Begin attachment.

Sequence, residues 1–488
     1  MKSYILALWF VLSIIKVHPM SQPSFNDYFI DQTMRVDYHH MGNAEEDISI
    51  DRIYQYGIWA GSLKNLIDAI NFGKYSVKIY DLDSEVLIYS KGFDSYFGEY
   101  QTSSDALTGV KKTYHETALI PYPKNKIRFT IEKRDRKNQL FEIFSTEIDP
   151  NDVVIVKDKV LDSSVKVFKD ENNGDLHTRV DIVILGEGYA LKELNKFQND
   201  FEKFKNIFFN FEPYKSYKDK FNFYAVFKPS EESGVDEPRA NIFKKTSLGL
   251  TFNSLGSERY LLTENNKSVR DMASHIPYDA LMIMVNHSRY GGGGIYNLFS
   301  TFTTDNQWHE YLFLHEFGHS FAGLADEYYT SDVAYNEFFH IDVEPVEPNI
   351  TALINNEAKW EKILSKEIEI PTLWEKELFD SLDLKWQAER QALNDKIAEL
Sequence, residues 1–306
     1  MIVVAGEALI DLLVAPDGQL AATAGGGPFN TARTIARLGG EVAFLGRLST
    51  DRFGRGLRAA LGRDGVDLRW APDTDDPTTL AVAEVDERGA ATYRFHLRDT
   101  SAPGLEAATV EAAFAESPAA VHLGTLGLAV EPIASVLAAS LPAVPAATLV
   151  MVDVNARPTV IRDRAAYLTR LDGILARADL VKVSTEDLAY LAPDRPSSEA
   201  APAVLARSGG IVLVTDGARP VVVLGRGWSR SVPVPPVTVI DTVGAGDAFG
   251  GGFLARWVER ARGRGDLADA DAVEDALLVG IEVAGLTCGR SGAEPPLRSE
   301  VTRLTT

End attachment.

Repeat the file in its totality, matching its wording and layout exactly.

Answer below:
Sequence, residues 1–488
     1  MKSYILALWF VLSIIKVHPM SQPSFNDYFI DQTMRVDYHH MGNAEEDISI
    51  DRIYQYGIWA GSLKNLIDAI NFGKYSVKIY DLDSEVLIYS KGFDSYFGEY
   101  QTSSDALTGV KKTYHETALI PYPKNKIRFT IEKRDRKNQL FEIFSTEIDP
   151  NDVVIVKDKV LDSSVKVFKD ENNGDLHTRV DIVILGEGYA LKELNKFQND
   201  FEKFKNIFFN FEPYKSYKDK FNFYAVFKPS EESGVDEPRA NIFKKTSLGL
   251  TFNSLGSERY LLTENNKSVR DMASHIPYDA LMIMVNHSRY GGGGIYNLFS
   301  TFTTDNQWHE YLFLHEFGHS FAGLADEYYT SDVAYNEFFH IDVEPVEPNI
   351  TALINNEAKW EKILSKEIEI PTLWEKELFD SLDLKWQAER QALNDKIAEL
Sequence, residues 1–306
     1  MIVVAGEALI DLLVAPDGQL AATAGGGPFN TARTIARLGG EVAFLGRLST
    51  DRFGRGLRAA LGRDGVDLRW APDTDDPTTL AVAEVDERGA ATYRFHLRDT
   101  SAPGLEAATV EAAFAESPAA VHLGTLGLAV EPIASVLAAS LPAVPAATLV
   151  MVDVNARPTV IRDRAAYLTR LDGILARADL VKVSTEDLAY LAPDRPSSEA
   201  APAVLARSGG IVLVTDGARP VVVLGRGWSR SVPVPPVTVI DTVGAGDAFG
   251  GGFLARWVER ARGRGDLADA DAVEDALLVG IEVAGLTCGR SGAEPPLRSE
   301  VTRLTT